I had forgotten about debtors prisons, but up until fairly recently (1869) the country that gave us the Magna Carta also loved putting poor people in jail.

But here's where things get really interesting:

"'War', declared the ancient Greek philosopher Heraclitus, 'is the father of all things.' It was certainly the father of the bond market. In Pieter van der Heyden's extraordinary engraving, The Battle about Money, piggy banks, money bags, barrels of coins, and treasure chests -- most of them heavily armed with swords, knives and lances -- attack each other in a chaotic free-for-all. The Dutch verses below the engraving say: 'It's all for money and goods, this fighting and quarreling.' But what the inscriptions could equally well have said is: 'This fighting is possible only if you can raise the money to pay for it.' The ability to finance war through a market for government debt was, like so much else in financial history, an invention of the Italian Renaissance." p. 69

"The Battle of Waterloo was the culmination of more than two decades of intermittent conflict between Britain and France. But it was more than a battle between two armies. It was also a contest between rival financial systems: one, the French, which under Napoleon had come to be based on plunder (the taxation of the conquered); the other, the British, based on debt." p. 80

"In many ways, it was true that the bond market was powerful. By the later nineteenth century, countries that defaulted on their debts risked economic sanctions, the imposition of foreign control over their finances and even, in at least five cases, military intervention. It is hard to believe that Gladstone would have ordered the invasion of Egypt in 1882 if the Egyptian government had not threatened to renege on its obligations to European bondholders, himself among them. Bringing an 'emerging market' under the aegis of the British Empire was the surest way to remove political risk from investors' concerns. Even those outside the Empire risked a visit from a gunboat if they defaulted, as Venezuela discovered in 1902, when a joint naval expedition by Britain, Germany and Italy temporarily blockaded the country's ports. The United States was especially energetic (and effective) in protecting bondholders' interests in Central America and the Caribbean." p. 98 [By the way, don't you just love how Ferguson describes international war crimes as "energetic (and effective!) ways of protecting bondholder's interests!"]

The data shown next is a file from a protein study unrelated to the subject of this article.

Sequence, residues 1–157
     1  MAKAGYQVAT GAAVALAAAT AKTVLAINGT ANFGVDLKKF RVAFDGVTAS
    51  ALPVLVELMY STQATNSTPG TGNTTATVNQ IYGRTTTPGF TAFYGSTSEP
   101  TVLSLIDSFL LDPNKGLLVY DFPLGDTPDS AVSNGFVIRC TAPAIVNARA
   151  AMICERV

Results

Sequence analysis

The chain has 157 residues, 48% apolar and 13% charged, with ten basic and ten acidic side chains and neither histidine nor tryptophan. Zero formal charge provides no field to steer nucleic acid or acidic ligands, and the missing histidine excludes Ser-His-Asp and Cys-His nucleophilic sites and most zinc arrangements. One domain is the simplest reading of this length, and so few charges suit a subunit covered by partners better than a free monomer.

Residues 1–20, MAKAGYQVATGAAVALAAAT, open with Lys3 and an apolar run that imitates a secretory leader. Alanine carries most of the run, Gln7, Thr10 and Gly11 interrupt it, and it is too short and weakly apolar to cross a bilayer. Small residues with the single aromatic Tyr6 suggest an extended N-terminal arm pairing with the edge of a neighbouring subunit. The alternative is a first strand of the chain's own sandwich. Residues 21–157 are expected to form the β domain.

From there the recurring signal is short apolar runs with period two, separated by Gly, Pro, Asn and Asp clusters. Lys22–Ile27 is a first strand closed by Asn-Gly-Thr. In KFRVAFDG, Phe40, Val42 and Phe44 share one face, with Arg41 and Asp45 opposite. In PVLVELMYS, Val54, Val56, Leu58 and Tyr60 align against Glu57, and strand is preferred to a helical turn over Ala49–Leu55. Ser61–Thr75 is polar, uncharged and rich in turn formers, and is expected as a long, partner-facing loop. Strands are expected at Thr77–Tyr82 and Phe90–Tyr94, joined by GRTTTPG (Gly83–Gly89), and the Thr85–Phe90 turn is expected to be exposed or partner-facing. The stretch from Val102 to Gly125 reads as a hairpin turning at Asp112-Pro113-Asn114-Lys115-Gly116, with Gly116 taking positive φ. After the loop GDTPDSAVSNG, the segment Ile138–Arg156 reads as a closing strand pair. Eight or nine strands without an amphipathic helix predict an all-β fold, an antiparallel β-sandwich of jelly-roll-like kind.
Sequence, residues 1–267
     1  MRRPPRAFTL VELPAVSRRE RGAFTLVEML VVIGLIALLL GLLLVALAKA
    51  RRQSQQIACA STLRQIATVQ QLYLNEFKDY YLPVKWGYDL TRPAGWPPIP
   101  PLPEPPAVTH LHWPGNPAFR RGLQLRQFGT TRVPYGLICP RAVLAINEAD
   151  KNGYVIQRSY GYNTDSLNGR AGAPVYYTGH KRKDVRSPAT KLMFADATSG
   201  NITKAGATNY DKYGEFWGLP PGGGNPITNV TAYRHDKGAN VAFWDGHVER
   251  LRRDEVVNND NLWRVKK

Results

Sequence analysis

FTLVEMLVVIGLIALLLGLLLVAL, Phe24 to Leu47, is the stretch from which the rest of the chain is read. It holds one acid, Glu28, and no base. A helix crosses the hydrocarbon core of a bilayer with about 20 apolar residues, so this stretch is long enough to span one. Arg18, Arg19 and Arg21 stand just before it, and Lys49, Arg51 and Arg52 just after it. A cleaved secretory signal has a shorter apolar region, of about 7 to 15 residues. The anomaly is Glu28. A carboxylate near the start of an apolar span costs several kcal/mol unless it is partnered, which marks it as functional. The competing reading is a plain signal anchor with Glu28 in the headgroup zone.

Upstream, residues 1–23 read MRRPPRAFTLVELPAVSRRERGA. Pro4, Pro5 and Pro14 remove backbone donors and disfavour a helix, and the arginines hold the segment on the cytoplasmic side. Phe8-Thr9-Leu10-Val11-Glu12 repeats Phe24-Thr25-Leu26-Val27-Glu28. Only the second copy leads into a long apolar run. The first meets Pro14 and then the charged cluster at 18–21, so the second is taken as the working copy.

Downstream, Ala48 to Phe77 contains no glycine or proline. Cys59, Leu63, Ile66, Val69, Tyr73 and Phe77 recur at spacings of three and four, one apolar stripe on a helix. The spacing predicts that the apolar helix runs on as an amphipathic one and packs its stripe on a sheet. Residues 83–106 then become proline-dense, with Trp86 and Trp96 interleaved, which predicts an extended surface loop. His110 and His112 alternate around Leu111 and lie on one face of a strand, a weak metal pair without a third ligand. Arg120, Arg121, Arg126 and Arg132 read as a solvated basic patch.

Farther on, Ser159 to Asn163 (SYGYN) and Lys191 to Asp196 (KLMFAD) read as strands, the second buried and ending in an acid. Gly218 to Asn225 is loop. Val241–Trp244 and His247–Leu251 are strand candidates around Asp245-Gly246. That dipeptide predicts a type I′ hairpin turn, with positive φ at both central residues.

So the micro is the macro -- just as the loan shark will kneecap a debtor who is late on a payment, creditor nations will invade and overthrow governments, even democratically elected governments, in order to increase profits.

"As [Jan Pieterszoon] Coen [officer of Dutch East India Company (VOC) in the early seventeenth century] himself put it: 'We cannot make war without trade, nor trade without war. he was ruthless in his treatment of competitors, executing British East India Company officials at Amboyna and effectively wiping out the indigenous Bandanese." p. 134

Far from being an aberration, that theology of domination continues on to this day in U.S. foreign policy. It is also interesting to think about the ways in which creditor nations kneecap debtor nations to get their money back given that China is now the de facto banker to the U.S. -- holding nearly a trillion dollars of our debt.

"Besides cheaper calories, cheaper wood and cheaper wool and cotton, imperial expansion brought other unintended economic benefits, too. It encouraged the development of militarily useful technologies -- clocks, guns, lenses and navigational instruments -- that turned out to have big spin-offs for the development of industrial machinery." p. 285-286.